Either you are going to do what it takes to close the gaps from where you are to where you want to be or you have HOPE as your strategy. I HOPE we can become customer focused, just does not cut it.
Let's just say, you want to move your HR department from transactional to strategic because you truly want to focus on the important people issues turning your talent into a competitive advantage. The first questions you will need to ask yourself are:
1) Are we ready as an organization to put our people strategy first?
2) Are we ready to elevate the TOP HR position to those of equal importance like marketing, operations, R&D etc.
3) Are we ready to make the tough decisions like outsourcing, restructuring, and realigning talent based on our new HR mission?
If all of those answers are yes, then you may be in good shape. Further digging into the following may be required to determine if your infrastructure, leadership and employees are ready:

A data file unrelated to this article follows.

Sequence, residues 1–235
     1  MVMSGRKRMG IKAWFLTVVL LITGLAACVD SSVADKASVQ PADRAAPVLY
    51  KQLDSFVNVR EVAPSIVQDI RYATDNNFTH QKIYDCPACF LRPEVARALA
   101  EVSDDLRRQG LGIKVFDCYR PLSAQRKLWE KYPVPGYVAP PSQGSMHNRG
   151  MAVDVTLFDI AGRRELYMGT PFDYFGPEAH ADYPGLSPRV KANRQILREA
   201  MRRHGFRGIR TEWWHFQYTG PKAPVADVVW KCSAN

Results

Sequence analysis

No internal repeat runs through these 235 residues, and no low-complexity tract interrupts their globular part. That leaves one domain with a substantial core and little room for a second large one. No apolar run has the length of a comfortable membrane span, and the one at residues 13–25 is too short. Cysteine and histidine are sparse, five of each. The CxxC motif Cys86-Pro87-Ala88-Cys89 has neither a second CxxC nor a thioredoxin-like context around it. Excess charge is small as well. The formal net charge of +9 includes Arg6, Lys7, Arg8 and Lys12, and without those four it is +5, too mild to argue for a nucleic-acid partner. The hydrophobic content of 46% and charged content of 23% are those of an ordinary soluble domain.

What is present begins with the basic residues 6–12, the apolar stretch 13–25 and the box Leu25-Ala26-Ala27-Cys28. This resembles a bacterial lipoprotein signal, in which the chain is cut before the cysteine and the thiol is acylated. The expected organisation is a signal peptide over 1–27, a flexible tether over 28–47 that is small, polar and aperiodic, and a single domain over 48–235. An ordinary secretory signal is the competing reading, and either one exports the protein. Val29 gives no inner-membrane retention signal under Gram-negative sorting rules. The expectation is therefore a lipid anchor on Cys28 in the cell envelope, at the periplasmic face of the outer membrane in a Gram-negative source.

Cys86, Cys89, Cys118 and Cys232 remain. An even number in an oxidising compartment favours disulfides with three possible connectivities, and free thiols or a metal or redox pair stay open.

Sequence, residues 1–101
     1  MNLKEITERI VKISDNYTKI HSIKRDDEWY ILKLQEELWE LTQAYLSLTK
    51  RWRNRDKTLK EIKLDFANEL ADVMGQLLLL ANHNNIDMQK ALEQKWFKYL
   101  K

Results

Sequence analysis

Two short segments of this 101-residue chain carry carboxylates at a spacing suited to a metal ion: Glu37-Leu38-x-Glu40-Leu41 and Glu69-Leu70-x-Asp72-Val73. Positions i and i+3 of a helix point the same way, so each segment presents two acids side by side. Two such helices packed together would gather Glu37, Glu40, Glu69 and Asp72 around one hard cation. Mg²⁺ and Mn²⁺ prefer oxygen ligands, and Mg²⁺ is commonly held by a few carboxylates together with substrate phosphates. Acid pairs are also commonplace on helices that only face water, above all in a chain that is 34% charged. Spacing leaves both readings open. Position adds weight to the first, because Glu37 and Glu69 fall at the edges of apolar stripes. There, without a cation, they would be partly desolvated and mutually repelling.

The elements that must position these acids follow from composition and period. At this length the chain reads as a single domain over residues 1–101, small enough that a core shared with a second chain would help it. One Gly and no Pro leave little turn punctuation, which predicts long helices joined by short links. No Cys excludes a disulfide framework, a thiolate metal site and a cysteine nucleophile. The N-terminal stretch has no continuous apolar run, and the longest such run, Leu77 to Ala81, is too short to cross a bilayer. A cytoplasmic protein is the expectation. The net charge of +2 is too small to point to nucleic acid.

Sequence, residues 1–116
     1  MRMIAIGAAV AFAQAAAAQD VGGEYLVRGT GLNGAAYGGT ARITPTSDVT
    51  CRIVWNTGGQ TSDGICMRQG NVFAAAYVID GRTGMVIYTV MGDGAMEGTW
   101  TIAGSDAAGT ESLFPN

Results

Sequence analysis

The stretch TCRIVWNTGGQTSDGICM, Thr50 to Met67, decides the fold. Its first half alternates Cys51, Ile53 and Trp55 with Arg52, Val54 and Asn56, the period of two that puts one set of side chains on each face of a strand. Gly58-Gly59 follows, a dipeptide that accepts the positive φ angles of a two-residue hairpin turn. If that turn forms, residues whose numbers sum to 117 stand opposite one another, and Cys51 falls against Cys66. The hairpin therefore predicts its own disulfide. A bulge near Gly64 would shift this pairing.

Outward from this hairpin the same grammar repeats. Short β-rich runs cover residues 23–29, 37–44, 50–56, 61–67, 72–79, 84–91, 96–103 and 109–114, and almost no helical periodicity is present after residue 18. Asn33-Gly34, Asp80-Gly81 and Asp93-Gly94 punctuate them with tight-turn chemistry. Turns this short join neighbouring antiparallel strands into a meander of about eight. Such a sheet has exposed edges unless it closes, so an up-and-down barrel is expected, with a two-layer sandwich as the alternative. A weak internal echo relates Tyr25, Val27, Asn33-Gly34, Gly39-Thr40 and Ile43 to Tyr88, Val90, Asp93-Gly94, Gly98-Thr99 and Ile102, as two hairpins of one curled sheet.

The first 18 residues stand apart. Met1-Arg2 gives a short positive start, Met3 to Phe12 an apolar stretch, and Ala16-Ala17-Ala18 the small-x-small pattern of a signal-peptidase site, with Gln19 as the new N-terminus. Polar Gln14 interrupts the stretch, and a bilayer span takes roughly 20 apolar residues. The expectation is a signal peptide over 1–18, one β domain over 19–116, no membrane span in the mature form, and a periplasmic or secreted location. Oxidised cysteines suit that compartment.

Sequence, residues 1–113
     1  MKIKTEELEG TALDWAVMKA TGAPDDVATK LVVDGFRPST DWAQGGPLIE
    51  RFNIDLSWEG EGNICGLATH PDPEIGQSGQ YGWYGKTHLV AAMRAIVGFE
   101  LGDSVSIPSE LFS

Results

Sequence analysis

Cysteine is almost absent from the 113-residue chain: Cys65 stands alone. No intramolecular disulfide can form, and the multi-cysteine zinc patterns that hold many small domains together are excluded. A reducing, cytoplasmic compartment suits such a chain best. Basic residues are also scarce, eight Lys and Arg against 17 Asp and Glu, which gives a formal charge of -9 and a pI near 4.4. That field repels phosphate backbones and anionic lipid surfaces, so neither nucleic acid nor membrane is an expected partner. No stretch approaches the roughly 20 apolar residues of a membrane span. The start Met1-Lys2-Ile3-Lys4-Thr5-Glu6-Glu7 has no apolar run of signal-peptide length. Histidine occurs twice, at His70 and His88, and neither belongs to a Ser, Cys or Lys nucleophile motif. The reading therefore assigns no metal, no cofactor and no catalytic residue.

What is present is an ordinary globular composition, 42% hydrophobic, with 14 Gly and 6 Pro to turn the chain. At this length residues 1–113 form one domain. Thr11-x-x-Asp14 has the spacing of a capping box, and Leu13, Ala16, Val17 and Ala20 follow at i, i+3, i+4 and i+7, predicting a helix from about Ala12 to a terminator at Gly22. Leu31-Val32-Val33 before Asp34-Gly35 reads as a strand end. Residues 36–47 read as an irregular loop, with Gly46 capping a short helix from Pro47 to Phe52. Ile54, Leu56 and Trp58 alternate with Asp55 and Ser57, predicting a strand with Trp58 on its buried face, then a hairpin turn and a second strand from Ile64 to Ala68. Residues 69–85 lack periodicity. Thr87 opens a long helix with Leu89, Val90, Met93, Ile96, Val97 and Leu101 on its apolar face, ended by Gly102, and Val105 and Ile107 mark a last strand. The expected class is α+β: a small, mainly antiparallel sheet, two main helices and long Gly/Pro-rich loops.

1) Determine leadership's ability to facilitate change
2) Analyze infrastructure to make sure it can support the change
3) Determine if organization has rewards in place to motivate new behaviors
4) Analyze goal alignment ACROSS the organization.
By looking at the areas above first, you may save yourself time, energy and money due to lack of execution. By analyzing these items on the front end, everyone understands the reasons and the stated direction making change easier to accept and buy into. Not all employees, will be "change ready" as everyone has different "change styles." (Stay tuned for an upcoming blog on change styles). But understanding all of these indicators up front make change less painful.
I have a feeling our organizations will be continuously changing from now on as we continue to figure out the "new normal." I believe HR professionals must get very good at facilitating and leading change efforts. I agree with Dave Ulrich, it is a very important competency for HR professionals to master.
How have you lead successful change? Did you do a change readiness exercise?